How to Feed a Family for a Month from Your Stockpile
by Daisy Luther
There are all sorts of situations that can have you eating from your stockpile for a month or so. Maybe you have an unexpected expense that means a weekly trip to the store is out of the question. Maybe there’s a problem with the local transportation and deliveries aren’t making it to your area. Maybe your car broke down and there’s nothing within walking distance.
Whatever the reason, eating from your stockpile does not have to be boring and unpleasant. If it’s nonstop beans and rice, you’re doing something wrong.
What to stock up on
First, you should be stocking things you genuinely enjoy – and things that are similar to how you already eat. If you suddenly switch to nothing but buckets of food with ultra-carby, low protein offerings, you are going to be a) bored and b) lethargic.
At the same time, for most of us, the food we stock up on for the longer term will not be exactly the same. We live in a world where most of us can have fresh produce, meat from the butcher shop, and a gallon of milk whenever we want it.
So when you build a stockpile, it’s important to realize that while you can make it similar, it’s not going to be exactly the same.
Our stockpile relies on freeze-dried and canned meats, freeze-dried and canned veggies, grains, and loads of spices and seasonings.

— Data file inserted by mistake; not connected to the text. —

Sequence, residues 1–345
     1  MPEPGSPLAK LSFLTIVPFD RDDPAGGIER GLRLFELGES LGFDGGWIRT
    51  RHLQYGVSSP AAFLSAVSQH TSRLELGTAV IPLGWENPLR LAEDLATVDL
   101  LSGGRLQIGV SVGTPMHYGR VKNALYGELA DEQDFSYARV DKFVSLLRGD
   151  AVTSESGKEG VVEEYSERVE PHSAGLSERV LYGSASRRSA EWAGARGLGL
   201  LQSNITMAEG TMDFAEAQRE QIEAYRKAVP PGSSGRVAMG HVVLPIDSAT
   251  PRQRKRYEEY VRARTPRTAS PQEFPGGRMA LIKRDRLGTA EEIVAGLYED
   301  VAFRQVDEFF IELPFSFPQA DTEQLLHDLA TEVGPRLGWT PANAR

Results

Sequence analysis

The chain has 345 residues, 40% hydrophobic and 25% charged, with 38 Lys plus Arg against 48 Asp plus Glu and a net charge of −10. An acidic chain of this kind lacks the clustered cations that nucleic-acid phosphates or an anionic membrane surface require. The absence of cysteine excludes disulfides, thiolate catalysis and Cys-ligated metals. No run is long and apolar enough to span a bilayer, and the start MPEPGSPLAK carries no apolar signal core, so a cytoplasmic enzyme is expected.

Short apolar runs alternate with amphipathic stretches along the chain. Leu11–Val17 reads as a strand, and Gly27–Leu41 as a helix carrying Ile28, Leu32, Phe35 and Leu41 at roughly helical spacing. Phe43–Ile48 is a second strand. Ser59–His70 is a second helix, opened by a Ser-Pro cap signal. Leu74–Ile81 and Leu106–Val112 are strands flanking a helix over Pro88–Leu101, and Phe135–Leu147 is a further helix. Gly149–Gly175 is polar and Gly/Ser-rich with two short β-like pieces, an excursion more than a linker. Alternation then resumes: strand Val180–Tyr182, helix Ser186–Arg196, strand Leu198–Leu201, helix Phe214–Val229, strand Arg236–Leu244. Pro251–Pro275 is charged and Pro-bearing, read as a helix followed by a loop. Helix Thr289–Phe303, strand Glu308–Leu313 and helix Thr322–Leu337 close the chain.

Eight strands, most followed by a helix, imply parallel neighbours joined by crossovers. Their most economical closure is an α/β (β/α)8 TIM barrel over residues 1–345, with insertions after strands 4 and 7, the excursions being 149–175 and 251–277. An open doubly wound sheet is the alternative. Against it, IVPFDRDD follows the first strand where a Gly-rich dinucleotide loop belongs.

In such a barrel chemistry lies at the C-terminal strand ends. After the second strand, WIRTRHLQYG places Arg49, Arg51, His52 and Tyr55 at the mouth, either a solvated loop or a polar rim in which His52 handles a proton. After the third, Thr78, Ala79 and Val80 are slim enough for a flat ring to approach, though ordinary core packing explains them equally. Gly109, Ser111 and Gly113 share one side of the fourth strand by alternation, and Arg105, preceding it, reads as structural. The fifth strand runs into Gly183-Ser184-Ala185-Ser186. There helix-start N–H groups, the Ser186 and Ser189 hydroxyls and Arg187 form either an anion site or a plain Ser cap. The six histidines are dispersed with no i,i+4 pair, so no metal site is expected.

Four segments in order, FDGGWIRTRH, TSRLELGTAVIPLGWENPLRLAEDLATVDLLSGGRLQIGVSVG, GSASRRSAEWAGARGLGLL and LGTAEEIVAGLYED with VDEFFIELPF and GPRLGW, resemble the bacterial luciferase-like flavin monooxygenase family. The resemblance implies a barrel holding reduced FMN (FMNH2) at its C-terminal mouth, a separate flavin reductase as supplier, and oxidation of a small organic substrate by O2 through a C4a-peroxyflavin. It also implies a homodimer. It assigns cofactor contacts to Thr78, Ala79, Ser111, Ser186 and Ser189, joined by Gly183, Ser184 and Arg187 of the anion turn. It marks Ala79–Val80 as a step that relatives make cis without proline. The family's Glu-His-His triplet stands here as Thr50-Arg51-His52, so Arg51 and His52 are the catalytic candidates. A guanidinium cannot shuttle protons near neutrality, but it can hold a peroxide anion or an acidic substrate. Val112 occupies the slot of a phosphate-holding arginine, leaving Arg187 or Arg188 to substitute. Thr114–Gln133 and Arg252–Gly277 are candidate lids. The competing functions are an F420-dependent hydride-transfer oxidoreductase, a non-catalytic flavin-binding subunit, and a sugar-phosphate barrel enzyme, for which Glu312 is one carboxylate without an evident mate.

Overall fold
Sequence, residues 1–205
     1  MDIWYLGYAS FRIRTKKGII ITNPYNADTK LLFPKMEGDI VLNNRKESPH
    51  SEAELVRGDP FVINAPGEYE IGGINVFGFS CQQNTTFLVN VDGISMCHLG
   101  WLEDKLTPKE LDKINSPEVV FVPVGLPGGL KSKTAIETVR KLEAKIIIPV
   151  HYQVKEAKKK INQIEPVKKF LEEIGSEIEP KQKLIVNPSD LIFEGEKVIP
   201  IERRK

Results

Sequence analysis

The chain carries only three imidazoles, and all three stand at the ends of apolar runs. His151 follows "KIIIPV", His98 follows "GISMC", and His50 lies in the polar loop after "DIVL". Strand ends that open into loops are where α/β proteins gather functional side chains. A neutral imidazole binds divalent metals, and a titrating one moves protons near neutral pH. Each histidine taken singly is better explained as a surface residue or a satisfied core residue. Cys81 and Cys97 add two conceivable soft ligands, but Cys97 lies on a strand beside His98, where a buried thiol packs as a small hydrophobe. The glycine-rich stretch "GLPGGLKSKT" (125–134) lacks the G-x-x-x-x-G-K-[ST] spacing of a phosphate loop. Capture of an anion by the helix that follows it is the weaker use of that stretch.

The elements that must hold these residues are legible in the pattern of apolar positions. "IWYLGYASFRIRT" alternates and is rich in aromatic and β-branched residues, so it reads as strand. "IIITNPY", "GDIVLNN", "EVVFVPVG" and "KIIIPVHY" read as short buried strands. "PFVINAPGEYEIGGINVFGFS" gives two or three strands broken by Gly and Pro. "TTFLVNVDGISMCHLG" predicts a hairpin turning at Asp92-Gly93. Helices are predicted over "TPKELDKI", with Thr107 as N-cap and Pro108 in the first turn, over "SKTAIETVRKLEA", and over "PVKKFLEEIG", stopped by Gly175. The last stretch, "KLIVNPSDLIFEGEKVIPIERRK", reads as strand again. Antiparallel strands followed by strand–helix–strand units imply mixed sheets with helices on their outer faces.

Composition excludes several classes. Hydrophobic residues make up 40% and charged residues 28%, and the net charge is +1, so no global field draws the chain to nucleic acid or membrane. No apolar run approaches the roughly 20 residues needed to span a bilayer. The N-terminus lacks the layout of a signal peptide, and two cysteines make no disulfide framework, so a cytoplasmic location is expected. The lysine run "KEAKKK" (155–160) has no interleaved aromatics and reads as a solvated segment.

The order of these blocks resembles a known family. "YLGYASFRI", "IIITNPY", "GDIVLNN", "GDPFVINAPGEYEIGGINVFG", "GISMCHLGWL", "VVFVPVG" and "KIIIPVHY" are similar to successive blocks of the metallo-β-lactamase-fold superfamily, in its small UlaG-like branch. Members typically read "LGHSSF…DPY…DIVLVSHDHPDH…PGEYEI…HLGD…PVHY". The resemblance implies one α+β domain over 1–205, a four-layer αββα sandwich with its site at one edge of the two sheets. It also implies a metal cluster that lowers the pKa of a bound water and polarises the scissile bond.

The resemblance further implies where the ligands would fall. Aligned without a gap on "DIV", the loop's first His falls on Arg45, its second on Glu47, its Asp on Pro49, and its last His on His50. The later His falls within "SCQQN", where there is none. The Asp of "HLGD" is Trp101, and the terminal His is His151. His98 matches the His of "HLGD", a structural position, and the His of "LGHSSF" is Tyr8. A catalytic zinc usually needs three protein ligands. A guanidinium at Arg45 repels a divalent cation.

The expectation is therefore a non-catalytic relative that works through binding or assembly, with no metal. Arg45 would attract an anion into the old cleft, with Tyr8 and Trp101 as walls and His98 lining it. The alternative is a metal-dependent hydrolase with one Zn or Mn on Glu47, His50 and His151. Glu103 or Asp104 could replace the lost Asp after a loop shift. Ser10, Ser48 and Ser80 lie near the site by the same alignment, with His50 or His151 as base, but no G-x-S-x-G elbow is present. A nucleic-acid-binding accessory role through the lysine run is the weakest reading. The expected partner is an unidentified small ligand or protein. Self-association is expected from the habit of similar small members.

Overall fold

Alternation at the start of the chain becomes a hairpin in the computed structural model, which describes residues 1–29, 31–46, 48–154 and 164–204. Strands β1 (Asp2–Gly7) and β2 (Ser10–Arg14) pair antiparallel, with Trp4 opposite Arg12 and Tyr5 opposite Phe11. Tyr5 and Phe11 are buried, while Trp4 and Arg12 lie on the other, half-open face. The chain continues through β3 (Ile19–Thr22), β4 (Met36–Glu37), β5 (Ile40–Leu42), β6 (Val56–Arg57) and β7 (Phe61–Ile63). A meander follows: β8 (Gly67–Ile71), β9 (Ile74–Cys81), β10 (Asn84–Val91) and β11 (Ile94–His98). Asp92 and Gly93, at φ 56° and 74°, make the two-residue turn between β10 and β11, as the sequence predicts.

Here’s a guide to eating from your stockpile for a month
I wrote a book called The Stockpile Cafe about eating from your pantry for a month with no fresh ingredients. It’s got menus for 7 dinners per week, along with serving suggestions and a shopping list. There are some ideas for thrifty stockpile breakfasts and lunches, too.
The meals are mostly quick to make and nearly all can be translated to cooking over a fire or wood stove. You can make them as healthful and high quality as you want, depending on the quality of the ingredients you purchase. There are a few convenience items, some dehydrated and freeze-dried ingredients, canned goods, and potato flakes.
Many of the meals have vegetarian alternatives. Because the focus is budget-friendly, there are grains at the center of most meals. So if you eat paleo or low carb, this may not be the book for you.
Most recipes feed 4 people and can be easily reduced or doubled (or tripled.) These are all creations that we’ve tried here at Casa de Luther.
You can grab your PDF copy here.Buy The Stockpile Cafe
About the Author
Daisy Luther is a coffee-swigging, globe-trotting blogger. She is the founder and publisher of three websites. 1) The Organic Prepper, which is about current events, preparedness, self-reliance, and the pursuit of liberty on her website, 2) The Frugalite, a website with thrifty tips and solutions to help people get a handle on their personal finances without feeling deprived, and 3) PreppersDailyNews.com, an aggregate site where you can find links to all the most important news for those who wish to be prepared. She is widely republished across alternative media and Daisy is the best-selling author of 5 traditionally published books and runs a small digital publishing company with PDF guides, printables, and courses. You can find her on Facebook, Pinterest, Gab, MeWe, Parler, Instagram, and Twitter.